A review of threats to island endemic rails

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University of Delaware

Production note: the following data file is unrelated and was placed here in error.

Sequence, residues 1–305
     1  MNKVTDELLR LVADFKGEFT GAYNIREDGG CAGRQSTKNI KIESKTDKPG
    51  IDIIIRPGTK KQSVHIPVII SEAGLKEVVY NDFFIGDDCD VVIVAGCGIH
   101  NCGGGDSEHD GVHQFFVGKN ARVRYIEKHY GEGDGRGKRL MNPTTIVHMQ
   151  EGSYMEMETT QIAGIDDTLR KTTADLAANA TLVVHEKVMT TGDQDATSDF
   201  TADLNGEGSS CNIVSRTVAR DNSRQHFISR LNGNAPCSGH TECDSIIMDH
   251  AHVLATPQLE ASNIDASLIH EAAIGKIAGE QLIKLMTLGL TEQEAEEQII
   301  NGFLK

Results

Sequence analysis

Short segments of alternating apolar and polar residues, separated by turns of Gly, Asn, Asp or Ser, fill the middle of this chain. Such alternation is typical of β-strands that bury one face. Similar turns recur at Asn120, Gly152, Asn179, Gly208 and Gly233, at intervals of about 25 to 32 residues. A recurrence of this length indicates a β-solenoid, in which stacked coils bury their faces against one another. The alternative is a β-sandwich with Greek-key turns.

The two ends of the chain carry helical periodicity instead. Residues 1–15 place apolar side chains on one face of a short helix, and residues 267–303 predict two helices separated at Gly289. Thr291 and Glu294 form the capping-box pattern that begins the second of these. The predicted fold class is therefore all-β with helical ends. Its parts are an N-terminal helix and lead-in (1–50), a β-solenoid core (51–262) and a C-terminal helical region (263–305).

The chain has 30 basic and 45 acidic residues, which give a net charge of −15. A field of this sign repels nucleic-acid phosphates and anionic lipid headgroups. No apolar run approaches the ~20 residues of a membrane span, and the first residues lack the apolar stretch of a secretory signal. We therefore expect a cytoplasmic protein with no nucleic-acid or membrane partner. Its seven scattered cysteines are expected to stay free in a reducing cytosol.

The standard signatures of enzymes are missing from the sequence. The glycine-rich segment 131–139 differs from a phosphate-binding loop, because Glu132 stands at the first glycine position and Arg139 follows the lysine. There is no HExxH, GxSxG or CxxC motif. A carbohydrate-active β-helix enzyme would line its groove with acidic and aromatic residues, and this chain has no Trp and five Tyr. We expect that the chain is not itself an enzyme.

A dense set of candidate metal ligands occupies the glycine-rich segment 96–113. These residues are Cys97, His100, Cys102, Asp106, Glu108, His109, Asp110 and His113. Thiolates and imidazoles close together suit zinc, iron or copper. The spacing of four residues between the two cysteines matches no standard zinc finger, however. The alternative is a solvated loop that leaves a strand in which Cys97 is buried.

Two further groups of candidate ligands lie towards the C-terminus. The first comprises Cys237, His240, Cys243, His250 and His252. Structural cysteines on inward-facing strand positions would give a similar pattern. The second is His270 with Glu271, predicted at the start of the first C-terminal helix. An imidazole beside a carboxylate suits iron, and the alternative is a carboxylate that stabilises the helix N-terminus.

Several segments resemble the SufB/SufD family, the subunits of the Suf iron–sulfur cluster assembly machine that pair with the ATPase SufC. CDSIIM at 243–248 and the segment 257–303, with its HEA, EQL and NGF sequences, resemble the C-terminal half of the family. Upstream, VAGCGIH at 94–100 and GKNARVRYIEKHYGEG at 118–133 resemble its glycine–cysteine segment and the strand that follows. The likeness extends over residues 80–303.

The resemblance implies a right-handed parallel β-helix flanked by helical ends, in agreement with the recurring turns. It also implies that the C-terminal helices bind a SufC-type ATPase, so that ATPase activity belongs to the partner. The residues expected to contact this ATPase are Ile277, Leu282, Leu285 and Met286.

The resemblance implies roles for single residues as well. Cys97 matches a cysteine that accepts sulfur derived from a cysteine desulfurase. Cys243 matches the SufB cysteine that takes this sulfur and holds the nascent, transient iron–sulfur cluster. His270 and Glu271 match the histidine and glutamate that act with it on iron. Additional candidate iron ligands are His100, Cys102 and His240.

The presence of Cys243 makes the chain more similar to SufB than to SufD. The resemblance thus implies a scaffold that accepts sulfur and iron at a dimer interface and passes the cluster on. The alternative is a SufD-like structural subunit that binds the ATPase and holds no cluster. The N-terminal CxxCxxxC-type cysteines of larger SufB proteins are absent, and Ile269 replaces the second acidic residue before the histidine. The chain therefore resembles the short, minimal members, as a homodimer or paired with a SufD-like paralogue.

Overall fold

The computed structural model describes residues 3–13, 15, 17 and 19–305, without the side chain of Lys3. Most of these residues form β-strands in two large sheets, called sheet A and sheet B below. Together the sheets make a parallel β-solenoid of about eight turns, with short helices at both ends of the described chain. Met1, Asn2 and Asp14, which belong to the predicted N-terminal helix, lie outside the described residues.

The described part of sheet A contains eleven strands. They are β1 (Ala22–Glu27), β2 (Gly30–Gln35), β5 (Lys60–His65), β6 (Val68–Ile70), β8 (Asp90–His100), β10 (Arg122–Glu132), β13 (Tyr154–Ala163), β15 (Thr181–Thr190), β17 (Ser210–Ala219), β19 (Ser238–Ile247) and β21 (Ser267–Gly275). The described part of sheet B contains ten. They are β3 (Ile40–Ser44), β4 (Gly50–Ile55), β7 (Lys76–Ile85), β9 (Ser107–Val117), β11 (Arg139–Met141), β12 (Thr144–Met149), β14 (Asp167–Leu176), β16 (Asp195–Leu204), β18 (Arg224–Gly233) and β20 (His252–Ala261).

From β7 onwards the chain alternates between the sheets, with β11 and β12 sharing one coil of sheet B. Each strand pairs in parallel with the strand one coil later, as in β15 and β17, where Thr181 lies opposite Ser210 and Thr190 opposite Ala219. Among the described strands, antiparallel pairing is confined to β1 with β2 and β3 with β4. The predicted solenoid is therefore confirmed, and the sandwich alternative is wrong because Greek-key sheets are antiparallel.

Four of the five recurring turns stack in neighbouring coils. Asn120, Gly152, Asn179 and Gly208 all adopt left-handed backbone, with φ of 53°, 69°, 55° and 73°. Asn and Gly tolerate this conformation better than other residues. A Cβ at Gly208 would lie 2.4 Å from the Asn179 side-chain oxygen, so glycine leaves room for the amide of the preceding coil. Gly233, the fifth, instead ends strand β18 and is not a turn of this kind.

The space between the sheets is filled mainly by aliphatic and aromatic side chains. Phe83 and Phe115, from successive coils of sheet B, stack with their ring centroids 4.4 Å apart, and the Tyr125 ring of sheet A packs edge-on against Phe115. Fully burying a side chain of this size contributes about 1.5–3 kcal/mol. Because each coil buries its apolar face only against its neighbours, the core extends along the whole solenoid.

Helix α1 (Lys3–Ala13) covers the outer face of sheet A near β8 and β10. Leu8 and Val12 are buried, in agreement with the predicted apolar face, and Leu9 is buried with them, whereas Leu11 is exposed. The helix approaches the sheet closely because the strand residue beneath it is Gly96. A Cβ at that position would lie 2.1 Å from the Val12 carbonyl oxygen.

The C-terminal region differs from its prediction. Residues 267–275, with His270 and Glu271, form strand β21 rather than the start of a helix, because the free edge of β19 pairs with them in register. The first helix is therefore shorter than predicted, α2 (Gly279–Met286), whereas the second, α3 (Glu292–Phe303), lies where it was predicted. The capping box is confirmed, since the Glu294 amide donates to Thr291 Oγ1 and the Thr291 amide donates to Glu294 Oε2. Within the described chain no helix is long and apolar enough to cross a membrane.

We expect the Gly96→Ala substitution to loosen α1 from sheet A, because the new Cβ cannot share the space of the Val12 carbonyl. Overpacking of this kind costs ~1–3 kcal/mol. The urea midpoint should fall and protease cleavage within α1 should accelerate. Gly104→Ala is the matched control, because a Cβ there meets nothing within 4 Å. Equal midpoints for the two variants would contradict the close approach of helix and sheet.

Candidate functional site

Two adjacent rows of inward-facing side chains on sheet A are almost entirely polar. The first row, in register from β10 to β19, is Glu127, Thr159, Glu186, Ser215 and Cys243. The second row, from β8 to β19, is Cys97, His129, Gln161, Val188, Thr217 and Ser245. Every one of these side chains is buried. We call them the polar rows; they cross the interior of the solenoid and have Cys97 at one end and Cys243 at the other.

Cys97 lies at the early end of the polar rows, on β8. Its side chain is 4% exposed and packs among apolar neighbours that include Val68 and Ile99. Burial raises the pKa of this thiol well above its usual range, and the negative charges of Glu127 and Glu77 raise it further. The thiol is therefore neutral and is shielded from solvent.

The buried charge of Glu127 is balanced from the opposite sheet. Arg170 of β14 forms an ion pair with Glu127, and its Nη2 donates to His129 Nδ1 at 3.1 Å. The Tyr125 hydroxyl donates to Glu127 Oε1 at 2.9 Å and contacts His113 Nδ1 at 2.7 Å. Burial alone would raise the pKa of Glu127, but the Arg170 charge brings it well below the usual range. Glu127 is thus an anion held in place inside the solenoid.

I conducted a literature review on the number, distribution, conservation status, and principle threats to island endemic rails in an attempt to prioritize which species may be in need of greatest conservation action. Presently, there are 134 species in the family Rallidae, 41 of those are island endemic. Island endemic rails are affected by 42 different types of threats. Predation by alien mammalian predators was the greatest threat to island endemic rail species, with 30% of the rail species affected, followed by habitat degradation and infrastructure development affecting 22% of species. Rattus spp. were found to be the mammalian predator affecting rail population the most followed by the domestic cat (Felis catus) and the cane toad (Bufo marinus). I also examined the islands that host endemic rail species to see how island size and distance to a mainland effects rail species. Critically endangered rails comprise 7.3% of all island endemic rail species that occur on less than 3% of the total islands that host island endemic rails. Islands that host critically endangered rails were the smallest islands that host rails and were the furthest from a mainland. They averaged less than 7200 km2 and are 385 km2 away from a mainland. Several oceanic islands have been conducting research on the eradication of rats. Removal of mammalian predators not only decreases predation and thus can increase rail numbers, but it also facilitates restoration of habitat. Seven percent of the island endemic rail species were listed as data deficient, making it hard to see which threats affect these species or to see a population trend for these species which are important factors needed to begin conservation efforts to help these species. Establishing monitoring protocols for each species and island would provide information needed to create conservation and management plans for endemic rail species.